Hurricane Florence off the coast of Florida

Credit: NOAA / GOES East

Climate change, superstorms, and civil engineering

America's infrastructure is failing, earning a D-plus from the American Society of Civil Engineers in 2017. What does this mean for coastal regions in the path of storms like Hurricane Florence, which are bigger, slower, and bring more rain?

When Hurricane Florence reaches the U.S., it's expected to bring with it up to 30 inches of rain and a storm surge that could put parts of the Carolinas under as much as 13 feet of floodwater. If the storm stays on course, its effects will be largely focused in two southern states that are home to more than 2,700 structurally deficient bridges, 1,400 dams with high hazard potential, and 1,600 miles of inland waterways deluged with stormwater—and nowhere for it to go.

Nationwide, infrastructure is failing. For 2017, the American Society of Civil Engineers gave the U.S. a cumulative infrastructure grade of D-plus, with systems for clean water, energy, roads, dams, and levees all receiving rankings of "poor."

To complicate matters, scientists have discovered ocean storms are slowing down as global temperatures rise, leading to increases in the intensity, associated rainfall, and frequency of storms and contributing to greater flooding in coastal areas in their paths. Major hurricanes like Florence are among a class of extreme weather events linked to climate change that are expected to overwhelm the U.S. infrastructure, forcing civil engineers at Johns Hopkins and across the country to rethink how they approach their work.

"These types of extreme events, they're not stressors on little things we can solve—they attack our basic infrastructure," says Ben Schafer, a structural engineer and director of the Cold-formed Steel Research Consortium at the university's Whiting School of Engineering. "As a society, we need to start planning for constant renewal and stop acting like it's such a surprise when these extreme weather events happen."

First, civil engineers must rethink how buildings are designed—and reassess the construction of older buildings.

"Every building is designed for the maximum wind that we expect it to experience," Schafer says. "But wind predictions are based on the historical record, and the climate is changing rapidly. We have relatively new buildings that we thought had only a very small chance of seeing damage in 20 years, and now as hurricanes become more likely, our estimates are off, sometimes by a lot."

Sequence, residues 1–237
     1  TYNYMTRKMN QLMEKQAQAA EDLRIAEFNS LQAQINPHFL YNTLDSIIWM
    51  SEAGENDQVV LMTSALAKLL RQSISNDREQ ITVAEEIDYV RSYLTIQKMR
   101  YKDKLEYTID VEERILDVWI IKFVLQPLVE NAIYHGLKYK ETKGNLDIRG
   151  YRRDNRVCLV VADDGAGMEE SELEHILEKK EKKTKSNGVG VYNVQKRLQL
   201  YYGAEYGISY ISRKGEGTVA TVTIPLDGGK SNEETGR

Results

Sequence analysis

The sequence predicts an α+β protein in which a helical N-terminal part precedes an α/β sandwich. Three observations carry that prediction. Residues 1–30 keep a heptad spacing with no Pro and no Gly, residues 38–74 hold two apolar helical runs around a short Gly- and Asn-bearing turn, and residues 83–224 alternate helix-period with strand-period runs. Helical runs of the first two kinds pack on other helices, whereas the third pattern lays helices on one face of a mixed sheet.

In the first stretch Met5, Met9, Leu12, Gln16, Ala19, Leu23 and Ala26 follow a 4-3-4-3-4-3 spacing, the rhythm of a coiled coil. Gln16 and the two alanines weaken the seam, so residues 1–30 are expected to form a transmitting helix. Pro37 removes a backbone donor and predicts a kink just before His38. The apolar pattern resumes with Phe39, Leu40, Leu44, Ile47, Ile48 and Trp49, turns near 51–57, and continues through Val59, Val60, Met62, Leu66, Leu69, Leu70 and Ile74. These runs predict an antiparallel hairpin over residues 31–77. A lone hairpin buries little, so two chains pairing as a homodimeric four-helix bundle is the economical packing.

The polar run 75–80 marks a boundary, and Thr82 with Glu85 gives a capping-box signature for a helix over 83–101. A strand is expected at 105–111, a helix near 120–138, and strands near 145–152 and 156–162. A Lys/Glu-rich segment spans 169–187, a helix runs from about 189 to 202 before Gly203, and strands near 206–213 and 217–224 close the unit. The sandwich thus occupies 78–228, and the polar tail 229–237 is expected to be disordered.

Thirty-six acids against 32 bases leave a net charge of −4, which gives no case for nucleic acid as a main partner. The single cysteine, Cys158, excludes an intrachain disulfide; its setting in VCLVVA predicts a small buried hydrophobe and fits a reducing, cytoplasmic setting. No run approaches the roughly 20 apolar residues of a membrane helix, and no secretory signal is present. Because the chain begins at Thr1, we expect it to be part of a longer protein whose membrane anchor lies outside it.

In the face of extreme weather events, the array of needs that must be accounted for by civil engineers rapidly expands beyond the structural integrity of a building. They must consider how to shore up and preserve the systems that provide electricity, running water, telecommunications, transportation, food, and more, says Schafer.

National Guard soldiers load a Humvee

Image caption: South Carolina National Guard soldiers load gear into a Humvee on Sept. 9 to prepare for Hurricane Florence's arrival.

Image credit: Staff Sgt. Erica Knight/Army National Guard

Sauleh Siddiqui, an assistant professor of civil engineering and co-director of the Center for Systems Science and Engineering at Johns Hopkins, adds that resilience after a storm should also be measured by how communities are affected.

He says creating a strong social infrastructure, a cohesive community, can save lives during natural disasters. Creating and implementing an emergency evacuation plan during a storm is a vital form of social infrastructure, for example. The stronger the social fabric of the community, the more effectively evacuation plans can be carried out, Siddiqui says.

In North and South Carolina, more than 1.5 million people have been ordered to evacuate from coastal regions in advance of the storm. Siddiqui says special care should be taken to ensure the evacuation of vulnerable populations, including people with limited mobility or a limited safety net—people who may not be integrated into the social infrastructure—such as the elderly, the homeless, and incarcerated individuals.

"A community is resilient if social cohesion is strong," Siddiqui says. "If we only think about how a building stays standing, and we don't think about the society using that building, then we will fail as civil engineers."

In the future, Schafer and Siddiqui say, systems and infrastructure in coastal cities must be designed for modulation during natural disasters, with redundancies and repairability built in. Energy systems, for example, must be capable of adapting to provide additional electricity or rerouting service in the event that part of the grid is compromised. Backup fuel sources should also be in place.

In the end, Siddiqui says, success is determined by how natural disasters affect people, not just the systems and structures around us.

"Let's stop measuring resilience by whether a road is damaged or whether a building fell or not," he says. "Let's start measuring how the people in our community are doing."